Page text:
Re:Games vs TV (1)

mcfatboy93 (1363705) | more than 4 years ago | (#27595909)

I think the real issue is about more than just addiction though. I think it's down to the level of passivity or activity required to engage with the medium, and the control over the experience.

I am still in High school and i argue with my parents with this exact argument. Video Games are better than TV because when you watch TV u are sitting aroung on your ass collecting dust, Video Games when made well can be just as entertaining as TV exept that most games Ex. Ledgend of zelda are traditionaly very long taking +40 hours

Re:Games vs TV (3, Insightful)

Brandee07 (964634) | more than 4 years ago | (#27596081)

Your parents have a very good counterargument:

You need to turn off the console and do your English homework. Games are a wonderful distraction and far more engaging and active than watching TV, but you shouldn't do either to the extent that you ignore homework and study, as you so obviously have.

Not inherently addictive (1)

Drakkenmensch (1255800) | more than 4 years ago | (#27595831)

Before we start blaming the latest Scapegoat Flavor of the Month (games, television, comics, that devil invention radio, the interwebs, those swinging rock n' roller Elvis hips) we need to ask ourselves this: when someone becomes addicted to [something], is there something missing in their lives that this addiction happens to be artificially replacing? If the cause of the addiction is not explored, treating the symptoms becomes that much harder - if not impossible. Now excuse me while I go farm more gold for my level 80 mage.

so we trust gamespot now? (1)

peaceful_bill (661382) | more than 4 years ago | (#27595861)

I thought the entire internet unanimously agreed to boycott gamespot for firing editors because they didn't write good reviews for a big advertiser?

Did that all get cleared up?

/afk Documentary (1)

dthigpen (651006) | more than 4 years ago | (#27596053)

Greg Stuetze is currently creating a documentary covering the topic, /afk. You can learn more about it at http://www.afkthefilm.com/ [afkthefilm.com] (I am in no way involved with it)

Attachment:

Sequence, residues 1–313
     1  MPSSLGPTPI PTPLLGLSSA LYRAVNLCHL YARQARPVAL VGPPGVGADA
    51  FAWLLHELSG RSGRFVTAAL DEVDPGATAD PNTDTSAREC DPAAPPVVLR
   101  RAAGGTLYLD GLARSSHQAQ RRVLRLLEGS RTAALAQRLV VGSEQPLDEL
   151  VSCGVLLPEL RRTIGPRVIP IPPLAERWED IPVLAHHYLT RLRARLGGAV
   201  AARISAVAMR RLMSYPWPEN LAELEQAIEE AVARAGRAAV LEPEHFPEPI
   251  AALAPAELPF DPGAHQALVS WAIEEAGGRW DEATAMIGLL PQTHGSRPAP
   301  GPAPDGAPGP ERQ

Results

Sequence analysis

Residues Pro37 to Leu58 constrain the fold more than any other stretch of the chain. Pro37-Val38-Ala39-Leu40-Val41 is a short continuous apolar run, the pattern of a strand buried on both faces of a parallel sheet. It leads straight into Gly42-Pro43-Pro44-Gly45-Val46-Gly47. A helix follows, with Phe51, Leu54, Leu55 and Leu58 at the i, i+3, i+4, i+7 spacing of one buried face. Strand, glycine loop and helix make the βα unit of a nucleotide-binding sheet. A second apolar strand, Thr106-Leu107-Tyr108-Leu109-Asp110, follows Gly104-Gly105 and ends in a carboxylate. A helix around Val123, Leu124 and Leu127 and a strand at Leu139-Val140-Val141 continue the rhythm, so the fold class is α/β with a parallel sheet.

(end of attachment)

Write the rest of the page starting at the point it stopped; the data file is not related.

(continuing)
if any of you have played civilization (1)

circletimessquare (444983) | more than 4 years ago | (#27596453)

you know that video game addiction exists

i don't know if it's just a certain kind of mentality that can't escape this sort of absorbing foray into micromanagement, but for me, it was basically an experience of "just one more turn"... i look down, the sun is setting... i look up, and the sun is coming up

how the hell did that happen?

i had to destroy the cd the game came on, if i wanted to keep a relationship and a job

Someone who did some actual research into gaming (1)

Gaian-Orlanthii (1032980) | more than 4 years ago | (#27596471)

Nick Yee
http://www.nickyee.com/ [nickyee.com] I came across this guy's work about six years ago when I took part in a survey on.... MMO addiction. I'm surprised no-one seems to have mentioned him so far.

addiction (0)

Anonymous Coward | more than 4 years ago | (#27596567)

Games are in no way addicting...
As an afterthought, the only reason why I have time to read/reply to this is because WoW is down thanks to a horribad patch.

Addicted to game, or addicted to escapism? (1)

davidwr (791652) | more than 4 years ago | (#27596677)

Are "game addicts" really addicted to gaming per se?

Maybe they are addicted to high-adrenaline activities.

Maybe they are just bored or frustrated and looking for something to do, and when they are denied that "something" - whatever it is - they show symptoms normally associated with withdrawal.